Senior Business Reporter
Zimbabwe’s largest integrated media house, Zimpapers (1980) Limited, says its digital footprint has been critical in cushioning the business from the adverse shocks of the Covid-19 pandemic along with a determination to provide accurate and quality content for its readers.
In a statement for the first six months of the present financial year, Zimpapers chairman Mr Tommy Sithole said the lockdown coming into effect at the end of March had detrimental effect across the business.
“The media environment was not spared by the pandemic both globally and locally. The pandemic affected media consumption from an audience and advertiser perspective, causing distribution and delivery hurdles as the whole value-chain workflows were disrupted,” he said.
“Newspaper street sales were negatively affected during the first lockdown period in March as most traditional readers were working from home. Zimpapers responded to these new challenges by migrating some of its publications namely Kwayedza, Umthunywa, Business Weekly and B-Metro to the digital platform to conserve imported newsprint in the face of uncertainty in the movement of this critical raw material across the borders.
“These publications are now digital products and continue to attract high numbers of audiences, giving value to advertisers.”
Mr Sithole said Zimpapers’ mainstream newspapers — The Herald, The Sunday Mail, Chronicle, Sunday News, Manica Post and H-Metro — continued to be delivered to homes during the period in print format, PDFs on e-mails and WhatsApp and were also sold in shops and on the streets.
By May, the appetite for printed newspapers had improved as industries gradually re-opened and readers had better understanding of how Covid-19 was transmitted.
“There was a marked increase in readership as most people sought reliable and quality information from credible sources as opposed to social media. Listenership and viewership on our radio stations and television platforms also shot up during the period under review as most people were operating from home. Our broadcasting platforms proved to be an attraction for most advertisers to reach these huge captive audiences,” he said.
As part of Zimpapers’ public service journalism and corporate social responsibility initiative, the group’s platforms took the lead in informing the public on Covid-19. Zimpapers launched a Covid-19 newsletter to offer audiences extended coverage of the pandemic.
“Zimpapers’ digital platforms led the national narrative on the pandemic primarily through all the 10 websites while debate on issues covered was live across its social media platforms,” he said.
Mr Sithole said the new normal has put digital platforms at the centre and Zimpapers was forging ahead with its “digital first strategy”, which has seen remarkable growth in online audiences and social media platforms.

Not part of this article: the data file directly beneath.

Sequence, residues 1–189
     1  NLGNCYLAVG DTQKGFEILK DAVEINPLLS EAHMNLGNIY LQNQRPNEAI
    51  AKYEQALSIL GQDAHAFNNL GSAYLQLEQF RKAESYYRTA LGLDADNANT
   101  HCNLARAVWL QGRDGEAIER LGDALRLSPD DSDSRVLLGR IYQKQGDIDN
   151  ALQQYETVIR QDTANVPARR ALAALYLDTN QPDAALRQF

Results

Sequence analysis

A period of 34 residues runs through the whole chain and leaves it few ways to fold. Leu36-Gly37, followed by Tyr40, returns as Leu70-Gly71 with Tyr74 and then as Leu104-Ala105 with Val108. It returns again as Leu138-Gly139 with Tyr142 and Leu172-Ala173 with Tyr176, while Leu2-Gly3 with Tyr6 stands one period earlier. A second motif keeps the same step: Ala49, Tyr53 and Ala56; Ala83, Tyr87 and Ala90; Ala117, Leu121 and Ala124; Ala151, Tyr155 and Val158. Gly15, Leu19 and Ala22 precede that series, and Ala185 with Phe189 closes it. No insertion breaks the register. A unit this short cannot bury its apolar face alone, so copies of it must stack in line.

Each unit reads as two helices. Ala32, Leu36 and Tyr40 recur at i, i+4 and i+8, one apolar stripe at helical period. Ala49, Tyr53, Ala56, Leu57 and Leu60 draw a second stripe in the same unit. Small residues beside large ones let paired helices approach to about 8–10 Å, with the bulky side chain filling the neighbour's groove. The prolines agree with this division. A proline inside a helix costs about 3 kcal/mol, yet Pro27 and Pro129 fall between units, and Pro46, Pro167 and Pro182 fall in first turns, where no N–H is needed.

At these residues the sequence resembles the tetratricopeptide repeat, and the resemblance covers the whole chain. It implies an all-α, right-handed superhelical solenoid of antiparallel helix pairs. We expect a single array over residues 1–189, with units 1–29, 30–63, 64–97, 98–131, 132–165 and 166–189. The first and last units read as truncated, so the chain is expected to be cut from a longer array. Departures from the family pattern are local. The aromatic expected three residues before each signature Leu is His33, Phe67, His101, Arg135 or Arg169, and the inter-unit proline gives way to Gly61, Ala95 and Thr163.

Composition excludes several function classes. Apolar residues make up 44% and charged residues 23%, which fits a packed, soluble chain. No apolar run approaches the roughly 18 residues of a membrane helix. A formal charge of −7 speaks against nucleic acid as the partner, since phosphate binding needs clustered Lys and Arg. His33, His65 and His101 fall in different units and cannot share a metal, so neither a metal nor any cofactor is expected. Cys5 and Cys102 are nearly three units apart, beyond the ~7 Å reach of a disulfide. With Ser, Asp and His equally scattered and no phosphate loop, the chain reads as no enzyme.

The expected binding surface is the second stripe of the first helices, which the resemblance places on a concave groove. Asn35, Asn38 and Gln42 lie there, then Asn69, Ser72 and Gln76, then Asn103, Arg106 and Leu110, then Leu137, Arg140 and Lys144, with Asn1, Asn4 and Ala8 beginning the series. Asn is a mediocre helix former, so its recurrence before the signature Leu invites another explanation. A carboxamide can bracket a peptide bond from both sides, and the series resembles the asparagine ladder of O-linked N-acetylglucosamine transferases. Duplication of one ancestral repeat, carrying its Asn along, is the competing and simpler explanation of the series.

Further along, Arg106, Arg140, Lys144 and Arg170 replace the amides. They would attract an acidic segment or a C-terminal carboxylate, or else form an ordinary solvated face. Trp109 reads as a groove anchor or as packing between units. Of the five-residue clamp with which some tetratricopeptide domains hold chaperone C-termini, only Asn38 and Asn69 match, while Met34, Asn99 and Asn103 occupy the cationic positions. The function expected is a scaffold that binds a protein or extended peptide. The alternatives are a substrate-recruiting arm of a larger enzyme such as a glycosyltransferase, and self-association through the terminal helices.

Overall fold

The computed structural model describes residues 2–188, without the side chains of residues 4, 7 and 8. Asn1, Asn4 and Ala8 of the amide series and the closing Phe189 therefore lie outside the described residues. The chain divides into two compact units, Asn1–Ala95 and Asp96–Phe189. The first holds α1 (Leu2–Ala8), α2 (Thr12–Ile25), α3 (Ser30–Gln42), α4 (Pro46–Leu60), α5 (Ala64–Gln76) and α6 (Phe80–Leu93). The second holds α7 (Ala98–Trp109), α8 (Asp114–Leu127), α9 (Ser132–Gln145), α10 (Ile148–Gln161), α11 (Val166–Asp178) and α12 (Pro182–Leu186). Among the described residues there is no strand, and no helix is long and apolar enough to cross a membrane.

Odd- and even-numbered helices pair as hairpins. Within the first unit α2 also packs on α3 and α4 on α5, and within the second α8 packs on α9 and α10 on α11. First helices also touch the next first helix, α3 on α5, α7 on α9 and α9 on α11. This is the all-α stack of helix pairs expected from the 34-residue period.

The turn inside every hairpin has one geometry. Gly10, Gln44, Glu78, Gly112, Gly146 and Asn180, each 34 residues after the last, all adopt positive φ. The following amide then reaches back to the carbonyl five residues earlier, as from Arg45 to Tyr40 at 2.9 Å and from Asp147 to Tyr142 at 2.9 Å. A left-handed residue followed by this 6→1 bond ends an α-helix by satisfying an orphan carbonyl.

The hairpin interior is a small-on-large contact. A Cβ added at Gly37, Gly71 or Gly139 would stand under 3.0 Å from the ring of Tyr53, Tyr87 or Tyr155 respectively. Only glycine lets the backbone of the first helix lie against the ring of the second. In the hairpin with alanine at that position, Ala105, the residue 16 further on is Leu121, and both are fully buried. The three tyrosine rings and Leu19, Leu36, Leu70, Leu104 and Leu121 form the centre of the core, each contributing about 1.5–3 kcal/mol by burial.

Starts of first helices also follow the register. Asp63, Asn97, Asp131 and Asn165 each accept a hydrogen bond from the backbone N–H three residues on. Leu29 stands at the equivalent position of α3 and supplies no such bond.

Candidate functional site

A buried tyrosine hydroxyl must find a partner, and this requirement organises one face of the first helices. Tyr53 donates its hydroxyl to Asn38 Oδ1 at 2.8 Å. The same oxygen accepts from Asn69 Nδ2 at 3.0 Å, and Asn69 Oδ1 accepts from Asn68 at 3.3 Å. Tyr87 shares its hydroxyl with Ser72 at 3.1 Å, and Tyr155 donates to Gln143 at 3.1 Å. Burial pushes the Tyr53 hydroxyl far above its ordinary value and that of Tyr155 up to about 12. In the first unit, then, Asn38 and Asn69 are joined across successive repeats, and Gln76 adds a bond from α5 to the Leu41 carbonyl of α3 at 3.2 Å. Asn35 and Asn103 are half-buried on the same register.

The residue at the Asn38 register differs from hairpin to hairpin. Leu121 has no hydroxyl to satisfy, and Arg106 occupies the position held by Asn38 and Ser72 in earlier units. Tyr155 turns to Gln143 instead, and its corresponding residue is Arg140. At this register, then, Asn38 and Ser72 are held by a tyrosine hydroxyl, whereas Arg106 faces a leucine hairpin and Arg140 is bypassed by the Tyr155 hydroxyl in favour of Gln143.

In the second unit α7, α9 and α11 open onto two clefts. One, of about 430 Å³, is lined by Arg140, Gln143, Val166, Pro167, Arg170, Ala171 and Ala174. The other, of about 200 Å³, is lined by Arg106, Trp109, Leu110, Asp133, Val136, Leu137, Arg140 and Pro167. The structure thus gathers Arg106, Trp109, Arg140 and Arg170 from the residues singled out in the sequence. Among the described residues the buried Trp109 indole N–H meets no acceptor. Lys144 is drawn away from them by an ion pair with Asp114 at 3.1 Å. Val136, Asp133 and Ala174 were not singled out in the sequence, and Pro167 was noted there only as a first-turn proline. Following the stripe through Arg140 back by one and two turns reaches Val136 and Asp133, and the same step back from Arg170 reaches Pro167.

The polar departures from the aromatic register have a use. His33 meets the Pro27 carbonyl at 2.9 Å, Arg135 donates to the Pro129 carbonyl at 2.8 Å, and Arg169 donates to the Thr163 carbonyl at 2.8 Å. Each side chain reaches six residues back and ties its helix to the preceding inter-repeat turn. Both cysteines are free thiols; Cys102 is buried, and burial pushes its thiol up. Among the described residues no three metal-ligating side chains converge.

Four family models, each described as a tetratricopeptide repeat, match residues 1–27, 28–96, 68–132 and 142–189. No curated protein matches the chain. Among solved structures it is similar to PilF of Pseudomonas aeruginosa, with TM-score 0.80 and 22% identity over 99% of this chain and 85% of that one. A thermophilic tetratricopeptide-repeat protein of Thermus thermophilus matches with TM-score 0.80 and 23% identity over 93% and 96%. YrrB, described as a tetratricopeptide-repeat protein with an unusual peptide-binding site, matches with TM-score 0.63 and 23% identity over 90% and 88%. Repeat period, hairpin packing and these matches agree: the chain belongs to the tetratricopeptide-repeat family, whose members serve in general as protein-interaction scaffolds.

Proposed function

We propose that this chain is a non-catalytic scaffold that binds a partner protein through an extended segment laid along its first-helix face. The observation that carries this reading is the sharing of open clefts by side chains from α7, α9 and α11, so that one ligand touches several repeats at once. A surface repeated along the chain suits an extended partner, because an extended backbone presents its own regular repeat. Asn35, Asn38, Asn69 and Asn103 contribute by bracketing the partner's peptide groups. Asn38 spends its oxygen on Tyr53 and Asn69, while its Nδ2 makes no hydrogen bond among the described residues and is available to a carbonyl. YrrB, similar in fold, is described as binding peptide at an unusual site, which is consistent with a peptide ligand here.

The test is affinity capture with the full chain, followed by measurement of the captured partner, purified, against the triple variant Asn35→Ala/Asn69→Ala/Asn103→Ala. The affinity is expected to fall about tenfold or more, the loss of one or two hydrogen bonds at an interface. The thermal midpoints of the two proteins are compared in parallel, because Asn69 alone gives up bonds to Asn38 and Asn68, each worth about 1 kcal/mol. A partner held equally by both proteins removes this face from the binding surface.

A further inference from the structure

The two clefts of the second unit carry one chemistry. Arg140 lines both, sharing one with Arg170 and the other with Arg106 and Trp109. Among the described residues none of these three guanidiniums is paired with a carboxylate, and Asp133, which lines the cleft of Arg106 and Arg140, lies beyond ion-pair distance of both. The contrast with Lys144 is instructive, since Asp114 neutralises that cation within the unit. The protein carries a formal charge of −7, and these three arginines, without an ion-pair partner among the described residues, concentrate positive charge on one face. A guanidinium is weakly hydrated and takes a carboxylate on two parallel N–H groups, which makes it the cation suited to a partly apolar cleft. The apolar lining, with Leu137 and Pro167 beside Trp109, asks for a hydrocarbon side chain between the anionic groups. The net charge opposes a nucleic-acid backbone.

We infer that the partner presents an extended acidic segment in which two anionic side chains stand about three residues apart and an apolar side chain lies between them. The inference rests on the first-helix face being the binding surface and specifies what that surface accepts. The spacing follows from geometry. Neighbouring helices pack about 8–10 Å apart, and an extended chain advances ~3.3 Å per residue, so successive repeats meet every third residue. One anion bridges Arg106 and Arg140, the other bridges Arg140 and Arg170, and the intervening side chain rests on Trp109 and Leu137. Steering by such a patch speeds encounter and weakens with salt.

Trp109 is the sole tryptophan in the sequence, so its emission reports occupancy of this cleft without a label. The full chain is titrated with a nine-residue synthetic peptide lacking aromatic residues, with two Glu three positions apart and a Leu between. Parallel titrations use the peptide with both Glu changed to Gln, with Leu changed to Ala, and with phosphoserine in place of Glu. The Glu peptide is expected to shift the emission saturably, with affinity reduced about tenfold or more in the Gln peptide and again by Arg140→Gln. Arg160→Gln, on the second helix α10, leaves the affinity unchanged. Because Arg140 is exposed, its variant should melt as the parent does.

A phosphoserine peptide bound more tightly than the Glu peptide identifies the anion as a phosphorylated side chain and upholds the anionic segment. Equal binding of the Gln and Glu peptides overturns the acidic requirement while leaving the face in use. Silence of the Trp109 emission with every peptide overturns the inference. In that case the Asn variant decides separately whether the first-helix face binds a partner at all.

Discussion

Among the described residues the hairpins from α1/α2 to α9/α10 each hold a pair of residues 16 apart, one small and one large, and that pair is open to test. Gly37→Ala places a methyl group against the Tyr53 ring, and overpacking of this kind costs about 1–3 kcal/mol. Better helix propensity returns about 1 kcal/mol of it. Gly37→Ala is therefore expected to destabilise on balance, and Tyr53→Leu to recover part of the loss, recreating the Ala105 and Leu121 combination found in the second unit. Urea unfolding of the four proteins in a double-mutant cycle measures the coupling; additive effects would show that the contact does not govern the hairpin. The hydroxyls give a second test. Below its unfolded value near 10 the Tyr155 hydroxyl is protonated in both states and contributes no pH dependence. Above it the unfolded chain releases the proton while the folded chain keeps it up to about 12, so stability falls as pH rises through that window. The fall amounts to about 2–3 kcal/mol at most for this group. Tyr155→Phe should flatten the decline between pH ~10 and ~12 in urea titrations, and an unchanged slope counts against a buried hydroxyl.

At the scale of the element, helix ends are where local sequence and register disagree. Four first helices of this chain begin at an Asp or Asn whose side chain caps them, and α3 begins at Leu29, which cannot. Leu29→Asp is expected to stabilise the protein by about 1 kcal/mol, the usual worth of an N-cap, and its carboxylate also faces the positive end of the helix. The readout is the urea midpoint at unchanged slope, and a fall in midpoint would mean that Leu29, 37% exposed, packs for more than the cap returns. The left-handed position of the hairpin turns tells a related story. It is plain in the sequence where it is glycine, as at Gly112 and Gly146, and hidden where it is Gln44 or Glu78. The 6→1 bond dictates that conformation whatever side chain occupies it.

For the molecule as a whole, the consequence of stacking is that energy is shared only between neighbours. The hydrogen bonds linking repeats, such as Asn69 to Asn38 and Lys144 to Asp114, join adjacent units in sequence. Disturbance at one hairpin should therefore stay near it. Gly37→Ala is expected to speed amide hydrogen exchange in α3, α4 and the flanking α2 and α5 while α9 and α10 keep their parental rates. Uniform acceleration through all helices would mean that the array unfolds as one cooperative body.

Turning to the group’s financial performance during the six months, Zimpapers recorded a 6,8 percent revenue decline, after adjusting for inflation, to $256,6 million compared to $275,4 million in the same period last year due to lower demand arising from the Covid-19 lockdowns.
In historical terms, the company recorded 378,9 percent revenue growth compared to the same period last year, which unfortunately was below the annual inflation of 737 percent as Zimpapers suffered volume and pricing deficits owing to the operating environment challenges.
Said Mr Sithole: “The company’s gross profit margin declined to 58,9 percent from 66,9 percent (inflation adjusted) and 60 percent from 66,9 percent (historical) when compared to same period last year in hyperinflation and historical terms respectively, owing to high cost of sales driven by hyperinflation at a time when volumes were constrained by the lockdown.
“Following a monetary loss adjustment, the company recorded an operating loss before tax of $32,7 million compared to a profit of $47,5 million for the comparative period.”
The newspaper division recorded a 17,9 percent revenue decline to $148,2 million from $180,6 million recorded in the same period last year and incurred a significant exchange loss of $17 million that led to an operating loss of $10,7 million.
On the commercial printing division, the business unit recorded a 15,6 percent revenue growth to $68,1 million due to an increase in demand following its designation as an essential service provider during the lockdown period.
However, operating profit decreased by 17,4 percent to $13,6 million compared to $16,4 million recorded in 2019 owing to high cost of raw materials that was tracking the exchange rate and inflationary trends.
The radio division improved by 12,3 percent to $40,3 million on the backdrop of market consolidation as advertisers wanted to reach out to audiences who remained indoors.
“Consequently, an operating profit of $0,9 million was recorded compared to a loss of $2,5 million for the comparative period in 2019,” said Mr Sithole.